William and Harry condemn BBC over Diana interview probe findings

William and Harry condemn BBC over Diana interview probe findings
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Prince William and Prince HarryPrince HarryMeghan joins push for paid family leave in rare political statement Prince Harry and Meghan announce partnership with asset management fund Ethic Global Citizen Live concert raises .1 billion to fight poverty MORE on Thursday responded to a probe that found the BBC used deceitful methods to get their bombshell 1995 interview with their mother, the late Princess Diana.

“Our mother was an incredible woman who dedicated her life to service. She was resilient, brave and unquestionably honest. The ripple effect of a culture of exploitation and unethical practices ultimately took her life,” Harry, the Duke of Sussex, said in a statement to Variety.

“To those who have taken some form of accountability, thank you for owning it,” Harry continued. “That is the first step towards justice and truth. Yet what deeply concerns me is that practices like these — and even worse — are still widespread today. Then, and now, it’s bigger than one outlet, one network, or one publication.

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“Our mother lost her life because of this, and nothing has changed," he added. "By protecting her legacy, we protect everyone, and uphold the dignity with which she lived her life."

The probe was carried out by retired judge Lord Dyson and found that BBC journalist Martin Bashir had used fake bank statements to lead Diana into believing the media was paying associates of her family. Bashir showed the fake documents to Diana's brother, Earl Spencer, in order to gain access to her.

In a video statement released through the @KensingtonRoyal Twitter account, William thanked Dyson for his report.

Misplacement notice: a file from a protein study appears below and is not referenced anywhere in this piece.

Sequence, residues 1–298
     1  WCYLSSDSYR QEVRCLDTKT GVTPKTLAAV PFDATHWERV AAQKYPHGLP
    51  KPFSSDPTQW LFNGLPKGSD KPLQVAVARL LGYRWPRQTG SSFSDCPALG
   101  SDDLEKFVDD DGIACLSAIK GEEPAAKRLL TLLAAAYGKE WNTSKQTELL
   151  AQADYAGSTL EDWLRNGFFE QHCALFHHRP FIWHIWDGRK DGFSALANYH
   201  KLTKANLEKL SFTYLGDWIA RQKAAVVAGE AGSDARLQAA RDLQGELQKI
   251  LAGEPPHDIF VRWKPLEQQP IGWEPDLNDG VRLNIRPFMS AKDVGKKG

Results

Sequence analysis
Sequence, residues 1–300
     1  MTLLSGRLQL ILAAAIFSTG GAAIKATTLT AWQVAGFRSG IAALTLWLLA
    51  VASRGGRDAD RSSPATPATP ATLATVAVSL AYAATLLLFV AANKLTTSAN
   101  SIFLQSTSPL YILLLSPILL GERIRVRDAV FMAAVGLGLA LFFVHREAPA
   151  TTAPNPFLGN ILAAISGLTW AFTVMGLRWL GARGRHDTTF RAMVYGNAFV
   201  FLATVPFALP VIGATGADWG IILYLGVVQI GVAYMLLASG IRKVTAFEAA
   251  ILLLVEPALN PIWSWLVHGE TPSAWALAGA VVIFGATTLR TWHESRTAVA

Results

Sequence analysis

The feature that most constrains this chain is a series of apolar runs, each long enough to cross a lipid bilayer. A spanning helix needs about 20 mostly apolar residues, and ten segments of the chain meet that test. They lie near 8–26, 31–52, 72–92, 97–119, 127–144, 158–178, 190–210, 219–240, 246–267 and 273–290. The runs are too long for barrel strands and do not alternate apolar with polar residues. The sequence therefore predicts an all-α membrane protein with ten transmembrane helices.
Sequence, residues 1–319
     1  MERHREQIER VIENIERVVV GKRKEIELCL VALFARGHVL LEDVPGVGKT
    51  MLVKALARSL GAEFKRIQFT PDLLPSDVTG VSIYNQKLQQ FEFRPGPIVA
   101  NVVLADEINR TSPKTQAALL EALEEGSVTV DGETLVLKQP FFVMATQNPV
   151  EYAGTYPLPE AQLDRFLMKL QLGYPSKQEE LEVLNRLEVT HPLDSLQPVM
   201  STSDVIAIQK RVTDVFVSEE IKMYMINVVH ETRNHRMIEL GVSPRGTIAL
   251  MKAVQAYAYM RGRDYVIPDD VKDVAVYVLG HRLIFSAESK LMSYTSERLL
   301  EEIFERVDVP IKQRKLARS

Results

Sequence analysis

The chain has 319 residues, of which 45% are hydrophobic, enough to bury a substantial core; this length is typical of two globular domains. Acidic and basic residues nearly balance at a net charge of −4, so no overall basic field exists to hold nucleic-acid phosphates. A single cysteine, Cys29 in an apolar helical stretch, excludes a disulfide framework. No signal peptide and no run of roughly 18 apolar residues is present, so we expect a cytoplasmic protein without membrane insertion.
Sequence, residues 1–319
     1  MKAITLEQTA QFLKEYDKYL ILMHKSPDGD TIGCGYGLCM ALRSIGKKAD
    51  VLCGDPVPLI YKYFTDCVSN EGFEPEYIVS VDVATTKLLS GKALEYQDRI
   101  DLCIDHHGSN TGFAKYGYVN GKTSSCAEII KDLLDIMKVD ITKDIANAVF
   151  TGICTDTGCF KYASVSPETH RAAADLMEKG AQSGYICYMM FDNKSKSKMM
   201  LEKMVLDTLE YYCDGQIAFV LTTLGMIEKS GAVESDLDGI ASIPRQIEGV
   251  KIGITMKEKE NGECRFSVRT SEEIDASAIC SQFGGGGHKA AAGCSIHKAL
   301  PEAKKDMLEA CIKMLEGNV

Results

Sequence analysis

“It is welcome that the BBC accepts Lord Dyson’s findings in full, which are extremely concerning that BBC employees lied and used fake documents to obtain the interview with my mother; made lurid and false claims about the royal family which played on her fears and fueled paranoia; displayed woeful incompetence when investigating complaints and concerns about the program; and were evasive in their reporting to the media and covered up what they knew from their internal investigation,” William said.

“It is my view that the deceitful way the interview was obtained substantially influenced what my mother said. The interview was a major contribution to making my parents’ relationship worse and has since hurt countless others,” the Duke of Cambridge added. "It is my firm view that this Panorama program holds no legitimacy and should never be aired again. It effectively established a false narrative which for over a quarter of a century has been commercialized by the BBC and others."

Bashir “deceived and induced [Spencer] to arrange a meeting with Princess Diana,” the report from Dyson read. “By gaining access to Princess Diana in this way, Mr. Bashir was able to persuade her to agree to give the interview.”

Bashir lied to his superiors, the report found, telling them he had not shown fake statements to anyone. He has since issued an apology, saying commissioning the fake bank statements "was a stupid thing to do,” but claims they had no bearing on Diana’s decision to sit down for an interview with him, the BBC reports.

In a handwritten note from Diana that was obtained in Dyson's probe, she wrote, "Martin Bashir did not show me any documents, nor give me any information that I was not previously aware of."

"Although the report states that Diana, Princess of Wales, was keen on the idea of an interview with the BBC, it is clear that the process for securing the interview fell far short of what audiences have a right to expect. We are very sorry for this. Lord Dyson has identified clear failings," BBC Director-General Tim Davie said in a statement. "While today's BBC has significantly better processes and procedures, those that existed at the time should have prevented the interview being secured in this way."